Question: Breaking Bitterness and Cynicism

Anonymous asked:

Hello – I’m currently a leader for a campus ministry … I’m scared of who I’ve become – a cynical person. I’m really not sure what the root cause of this is… I know I have a hard time trusting people, but more than that I doubt peoples’ intentions way too much and too quickly and it’s getting harder to see and love them through God’s perspective. Some brotherly advice please?

Hey my dear friend, thank you for being so honest.

I have to say though: Do you know who else struggles with mistrust and cynicism and loving people?

Pretty much everyone breathing.

The worst thing you can do is to feel bad about feeling bad.  You are human, which on one hand does NOT give you permission to be crappy, but also gives you permission to feel your feelings.

So a few thoughts on cynicism:

1) Do not repress your negative feelings.

Any kind of suppression is completely unhealthy.  Certainly we should keep a lid on expressing every insane ugly thought that passes through us, but we need to release the valve sometimes.  Which leads us to —

2) Find a vent-friend to vent.

It’s not a good idea to talk-trap every bystander with your issues, but everyone needs a friend who can be a vault with lock and key.  Someone who will know when to listen for long stretches of time, when to cut you off, when to egg you on, and when to shut it down.  Someone who not only tolerates you, but loves your slobbery, flailing, messy, upside-down self at your very worst.

3) Emotions were made by God for a reason.

If nothing else than to point you to something better.  Which leads us to —

4) Be angry for the right things.

Anger in itself is not wrong.  That’s why Ephesians 4:26 has that curious phrasing, “Be angry, but do not sin.”  God designed us with a righteous anger, because He made us in His image. God burns with justice, and so do we.  But our sin causes us to use this anger for selfish reasons, hence “human anger does not produce the righteousness of God” (James 1:20).

If we can be angry for the right things, we will have less spiritual space to be angry for the wrong things.  Controlling anger doesn’t happen by counting backwards from ten or beating yourself up.  It happens when we are angry for the same things that God is angry about, like oppression, slavery, apathy, and injustice.

I preached a sermon on this called Prioritizing Your Outrage.

5) Go have fun.

When cynicism wins, it turns us into ironic sarcastic hipsters with no sense of humor.  So get back your childhood smile.  Do stupid non-productive stuff that makes you giggle.  Get the gross hamburger, the pint of Blue Bell, and rent a dumb comedy.  Go watch Brian Regan.  And laugh until you fall over in tears.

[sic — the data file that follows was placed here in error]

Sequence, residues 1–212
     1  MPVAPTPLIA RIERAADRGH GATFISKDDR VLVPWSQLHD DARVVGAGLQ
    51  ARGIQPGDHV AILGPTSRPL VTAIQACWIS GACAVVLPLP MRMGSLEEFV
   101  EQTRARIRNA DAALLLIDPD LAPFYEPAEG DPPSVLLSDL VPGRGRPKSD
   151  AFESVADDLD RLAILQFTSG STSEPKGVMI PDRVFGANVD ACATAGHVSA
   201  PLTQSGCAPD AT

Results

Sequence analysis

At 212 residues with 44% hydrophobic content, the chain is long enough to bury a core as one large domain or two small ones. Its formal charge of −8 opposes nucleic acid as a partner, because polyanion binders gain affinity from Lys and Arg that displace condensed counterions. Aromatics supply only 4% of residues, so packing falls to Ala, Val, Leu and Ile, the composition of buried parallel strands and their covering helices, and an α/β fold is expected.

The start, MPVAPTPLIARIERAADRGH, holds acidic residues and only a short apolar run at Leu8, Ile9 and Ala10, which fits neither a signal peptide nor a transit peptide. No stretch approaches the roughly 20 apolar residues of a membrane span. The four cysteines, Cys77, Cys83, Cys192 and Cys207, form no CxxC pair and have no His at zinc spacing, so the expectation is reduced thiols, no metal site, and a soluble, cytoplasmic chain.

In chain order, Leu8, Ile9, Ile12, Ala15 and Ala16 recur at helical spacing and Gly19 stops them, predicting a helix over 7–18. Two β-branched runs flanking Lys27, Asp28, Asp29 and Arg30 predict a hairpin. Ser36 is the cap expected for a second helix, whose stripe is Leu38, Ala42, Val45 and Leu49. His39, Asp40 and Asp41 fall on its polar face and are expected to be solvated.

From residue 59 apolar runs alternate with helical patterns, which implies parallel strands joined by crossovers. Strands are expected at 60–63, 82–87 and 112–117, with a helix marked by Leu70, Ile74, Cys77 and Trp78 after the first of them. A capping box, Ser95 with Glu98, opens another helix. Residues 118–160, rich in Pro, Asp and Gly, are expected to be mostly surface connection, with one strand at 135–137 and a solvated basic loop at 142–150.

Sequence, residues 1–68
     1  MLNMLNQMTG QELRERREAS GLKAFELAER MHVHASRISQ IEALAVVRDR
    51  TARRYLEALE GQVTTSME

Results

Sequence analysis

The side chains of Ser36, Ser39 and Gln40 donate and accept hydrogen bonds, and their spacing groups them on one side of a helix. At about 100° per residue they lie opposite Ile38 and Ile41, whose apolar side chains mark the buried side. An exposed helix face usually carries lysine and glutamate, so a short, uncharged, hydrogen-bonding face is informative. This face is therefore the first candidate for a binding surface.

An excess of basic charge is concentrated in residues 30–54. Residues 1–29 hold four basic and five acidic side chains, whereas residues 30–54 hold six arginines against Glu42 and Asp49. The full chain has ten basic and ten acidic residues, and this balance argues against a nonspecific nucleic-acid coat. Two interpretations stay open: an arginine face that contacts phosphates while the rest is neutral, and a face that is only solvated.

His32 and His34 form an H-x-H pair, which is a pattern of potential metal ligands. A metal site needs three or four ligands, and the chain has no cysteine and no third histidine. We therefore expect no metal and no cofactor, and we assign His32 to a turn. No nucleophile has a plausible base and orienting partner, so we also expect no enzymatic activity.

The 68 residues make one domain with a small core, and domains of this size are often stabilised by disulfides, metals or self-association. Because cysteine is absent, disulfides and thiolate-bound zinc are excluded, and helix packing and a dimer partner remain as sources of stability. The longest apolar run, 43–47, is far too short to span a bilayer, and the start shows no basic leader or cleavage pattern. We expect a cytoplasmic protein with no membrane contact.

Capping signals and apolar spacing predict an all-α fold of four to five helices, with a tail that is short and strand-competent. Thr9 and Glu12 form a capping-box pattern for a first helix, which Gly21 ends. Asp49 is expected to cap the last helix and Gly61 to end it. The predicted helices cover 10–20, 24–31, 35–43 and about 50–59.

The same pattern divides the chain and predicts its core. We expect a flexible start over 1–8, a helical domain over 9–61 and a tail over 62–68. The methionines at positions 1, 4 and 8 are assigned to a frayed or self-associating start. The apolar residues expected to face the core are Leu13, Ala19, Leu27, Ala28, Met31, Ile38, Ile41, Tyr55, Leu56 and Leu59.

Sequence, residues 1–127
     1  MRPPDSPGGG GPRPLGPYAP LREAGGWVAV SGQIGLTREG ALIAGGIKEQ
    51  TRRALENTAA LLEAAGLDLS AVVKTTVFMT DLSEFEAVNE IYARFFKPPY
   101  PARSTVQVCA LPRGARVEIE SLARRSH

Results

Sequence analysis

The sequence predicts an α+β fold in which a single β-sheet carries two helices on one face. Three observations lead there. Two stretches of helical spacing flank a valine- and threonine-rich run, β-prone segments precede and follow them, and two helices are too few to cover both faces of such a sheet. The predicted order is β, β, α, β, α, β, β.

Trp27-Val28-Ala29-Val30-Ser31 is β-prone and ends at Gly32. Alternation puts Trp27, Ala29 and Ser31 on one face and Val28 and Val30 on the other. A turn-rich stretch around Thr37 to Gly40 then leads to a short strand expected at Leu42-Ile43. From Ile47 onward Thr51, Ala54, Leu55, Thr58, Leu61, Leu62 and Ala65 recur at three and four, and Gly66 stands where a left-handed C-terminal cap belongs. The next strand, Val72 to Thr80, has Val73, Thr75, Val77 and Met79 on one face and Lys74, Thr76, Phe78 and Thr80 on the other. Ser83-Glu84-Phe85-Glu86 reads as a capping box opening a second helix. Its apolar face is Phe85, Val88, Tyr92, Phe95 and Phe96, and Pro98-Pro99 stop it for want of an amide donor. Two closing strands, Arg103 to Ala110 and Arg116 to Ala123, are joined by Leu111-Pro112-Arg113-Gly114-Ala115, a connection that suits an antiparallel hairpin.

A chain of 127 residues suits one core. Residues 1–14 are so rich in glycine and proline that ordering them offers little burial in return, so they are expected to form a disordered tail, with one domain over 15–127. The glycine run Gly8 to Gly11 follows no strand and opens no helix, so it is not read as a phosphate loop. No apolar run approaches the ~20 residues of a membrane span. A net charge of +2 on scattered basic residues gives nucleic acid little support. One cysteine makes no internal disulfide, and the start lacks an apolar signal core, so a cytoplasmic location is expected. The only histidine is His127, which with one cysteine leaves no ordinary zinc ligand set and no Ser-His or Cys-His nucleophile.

6) Celebrate, forgive, pray.

If cynicism has set in too much and you’re now displacing it in all the wrong ways, then you might have a Hebrews 12:15 problem.

In that case, God call us to remember grace.  I know this isn’t easy to do, especially when you’re seeing red and everyone seems to be purposefully pissing you off.

But if you can remember the same grace God has shown us from the beginning: you can celebrate others despite their screw-ups.  Because God also celebrated you despite you.  If you can look at the cross: you can forgive.  If you see how Jesus prayed for his enemies: so can you.  Not out of moral obligation, but because Jesus did all that we couldn’t do, and we can both rest in and be motivated by his grace.

This is a daily practice.  But I think the more we can take our eyes off ourselves and others, and first see Jesus in his total glory, then it will be that much easier to love others.  It will be that much easier to have hope and a renewed perspective.  We won’t crush others with our cynical expectations, because we’ve stopped demanding too much from them.  When we know that God operates by grace for us, we tend to flex grace for others too.  No one can do this perfectly and I am still learning as well.  But if we are to give grace, then our hearts must be broken by grace.

I pray you will believe this more and more, and that your heart will be torn and tenderized by His goodness.

— J.S.

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